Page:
Some argue that case reports lack the scientific rigor of large, well-controlled studies, ranking at the bottom of the level of evidence hierarchy [11]. Given that case reports lack measures of statistical validity that come with large numbers of patients and controls, what is their role in this era of evidence-based medicine? Even for questions with relatively narrow focus, researchers in large studies struggle to account for multiple interacting components that contribute to experimental and control interventions. Every patient is unique, and the amount of flexibility in tailoring interventions, as well as the degree of variability in outcomes, defies simple descriptions put forth in experimental models [3].

Results of studies with large patient populations tend to average out individual variation, but it is in the variation that case reports illuminate concepts. The case report format allows investigation of the many factors that, in combination, form an outcome. Such multifactorial analysis is impossible in larger studies. Research areas that typically present such complexities, and in which case studies may help advance knowledge, include characterizing the interdependence of sequential events, understanding the impact of variability in treatment regimens, recognizing concomitant vs. causal comorbidities, and mapping contingency decision making [3].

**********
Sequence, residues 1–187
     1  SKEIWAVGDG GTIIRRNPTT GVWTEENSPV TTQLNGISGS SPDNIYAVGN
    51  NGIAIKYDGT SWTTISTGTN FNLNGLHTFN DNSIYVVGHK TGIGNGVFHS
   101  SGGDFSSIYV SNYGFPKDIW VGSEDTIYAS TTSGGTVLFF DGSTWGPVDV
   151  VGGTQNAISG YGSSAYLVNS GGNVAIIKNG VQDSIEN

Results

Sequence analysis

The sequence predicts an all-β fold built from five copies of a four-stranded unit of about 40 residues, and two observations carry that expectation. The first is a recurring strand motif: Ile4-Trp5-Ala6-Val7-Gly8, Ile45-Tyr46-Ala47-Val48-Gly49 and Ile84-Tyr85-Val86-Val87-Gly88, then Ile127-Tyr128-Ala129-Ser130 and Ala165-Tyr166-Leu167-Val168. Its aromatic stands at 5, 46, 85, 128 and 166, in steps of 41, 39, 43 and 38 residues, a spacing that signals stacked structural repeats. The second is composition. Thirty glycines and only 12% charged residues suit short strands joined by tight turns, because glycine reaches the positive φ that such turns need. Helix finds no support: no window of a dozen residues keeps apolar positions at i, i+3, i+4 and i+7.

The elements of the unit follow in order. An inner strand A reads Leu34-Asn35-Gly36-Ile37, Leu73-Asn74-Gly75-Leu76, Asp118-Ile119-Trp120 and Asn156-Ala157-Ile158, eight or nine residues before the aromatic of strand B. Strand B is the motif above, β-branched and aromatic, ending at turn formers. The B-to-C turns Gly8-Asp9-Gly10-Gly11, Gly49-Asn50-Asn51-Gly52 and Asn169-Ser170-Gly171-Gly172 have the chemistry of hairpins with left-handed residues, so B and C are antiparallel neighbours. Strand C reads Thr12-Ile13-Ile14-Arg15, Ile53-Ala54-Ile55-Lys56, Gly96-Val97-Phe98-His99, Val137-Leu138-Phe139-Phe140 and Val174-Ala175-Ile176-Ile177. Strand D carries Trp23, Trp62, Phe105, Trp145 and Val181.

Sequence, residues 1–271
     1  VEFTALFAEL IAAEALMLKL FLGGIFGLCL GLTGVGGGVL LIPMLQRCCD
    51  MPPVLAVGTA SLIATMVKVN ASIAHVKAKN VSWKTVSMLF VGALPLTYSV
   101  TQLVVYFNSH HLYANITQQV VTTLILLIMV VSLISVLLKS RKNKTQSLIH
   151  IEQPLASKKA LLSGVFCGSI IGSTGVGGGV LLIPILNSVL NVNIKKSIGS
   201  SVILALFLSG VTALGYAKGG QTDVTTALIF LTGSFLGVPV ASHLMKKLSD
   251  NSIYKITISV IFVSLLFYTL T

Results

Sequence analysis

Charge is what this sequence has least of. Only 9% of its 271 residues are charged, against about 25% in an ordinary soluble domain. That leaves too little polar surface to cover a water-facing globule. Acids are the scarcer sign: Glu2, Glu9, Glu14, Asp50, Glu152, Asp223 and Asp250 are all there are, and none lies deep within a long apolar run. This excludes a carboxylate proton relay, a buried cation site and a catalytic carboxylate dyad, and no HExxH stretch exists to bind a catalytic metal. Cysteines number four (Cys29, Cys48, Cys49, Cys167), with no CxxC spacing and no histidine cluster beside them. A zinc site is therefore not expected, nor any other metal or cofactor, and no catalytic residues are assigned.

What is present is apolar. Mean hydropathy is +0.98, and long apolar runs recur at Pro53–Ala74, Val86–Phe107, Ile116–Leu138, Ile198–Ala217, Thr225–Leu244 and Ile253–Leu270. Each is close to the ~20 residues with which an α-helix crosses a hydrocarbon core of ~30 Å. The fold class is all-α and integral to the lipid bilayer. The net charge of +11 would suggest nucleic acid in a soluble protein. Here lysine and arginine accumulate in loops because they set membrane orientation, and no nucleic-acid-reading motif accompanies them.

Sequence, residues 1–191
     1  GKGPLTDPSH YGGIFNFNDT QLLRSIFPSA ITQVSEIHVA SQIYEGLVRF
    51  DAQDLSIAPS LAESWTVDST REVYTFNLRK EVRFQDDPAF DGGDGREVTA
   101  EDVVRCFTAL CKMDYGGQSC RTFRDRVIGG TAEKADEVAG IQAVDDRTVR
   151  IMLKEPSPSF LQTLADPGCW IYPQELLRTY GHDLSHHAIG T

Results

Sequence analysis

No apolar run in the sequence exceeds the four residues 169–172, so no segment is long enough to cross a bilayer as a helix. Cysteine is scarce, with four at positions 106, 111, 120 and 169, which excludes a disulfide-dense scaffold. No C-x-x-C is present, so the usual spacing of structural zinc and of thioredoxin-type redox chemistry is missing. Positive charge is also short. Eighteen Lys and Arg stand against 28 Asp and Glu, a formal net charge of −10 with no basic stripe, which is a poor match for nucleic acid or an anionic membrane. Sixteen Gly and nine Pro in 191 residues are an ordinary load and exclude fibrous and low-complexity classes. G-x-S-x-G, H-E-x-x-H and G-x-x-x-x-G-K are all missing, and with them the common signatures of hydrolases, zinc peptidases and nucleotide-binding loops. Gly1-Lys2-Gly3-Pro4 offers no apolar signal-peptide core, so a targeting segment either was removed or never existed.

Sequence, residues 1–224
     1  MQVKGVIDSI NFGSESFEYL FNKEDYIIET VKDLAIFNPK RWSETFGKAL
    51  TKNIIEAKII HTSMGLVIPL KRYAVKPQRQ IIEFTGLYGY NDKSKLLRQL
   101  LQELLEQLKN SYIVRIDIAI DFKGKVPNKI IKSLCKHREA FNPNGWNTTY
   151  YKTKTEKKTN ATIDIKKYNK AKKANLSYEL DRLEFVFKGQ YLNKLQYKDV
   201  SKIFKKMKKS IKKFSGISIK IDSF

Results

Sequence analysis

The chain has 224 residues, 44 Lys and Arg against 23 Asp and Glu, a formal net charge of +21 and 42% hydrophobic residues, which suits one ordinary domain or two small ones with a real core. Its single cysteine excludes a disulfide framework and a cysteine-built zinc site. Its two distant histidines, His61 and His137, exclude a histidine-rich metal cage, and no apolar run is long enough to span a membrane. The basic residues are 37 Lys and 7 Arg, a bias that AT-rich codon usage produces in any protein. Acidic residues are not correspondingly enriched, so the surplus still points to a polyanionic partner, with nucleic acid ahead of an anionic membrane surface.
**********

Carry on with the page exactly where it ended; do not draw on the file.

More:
The medical community benefits from descriptions of single cases, especially the unusual ones. Case reports may provide insight into particularly challenging conditions that physicians encounter and lead to better patient care, as well as further research into the discovery of new therapies.


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Correspondence to Richard A. Rison.

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SRB has competing interests; Baxter: Consultant, Advisory Board and Speaker, Grifols: Consultant, Advisory Board & Speaker, CSL, GSK, Alexion, Pfizer: Research Grants. RAR and JKS have no competing interests to declare.

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Rison, R.A., Shepphird, J.K. & Beydoun, S.R. When to write a neurology case report. J Med Case Reports 10, 92 (2016).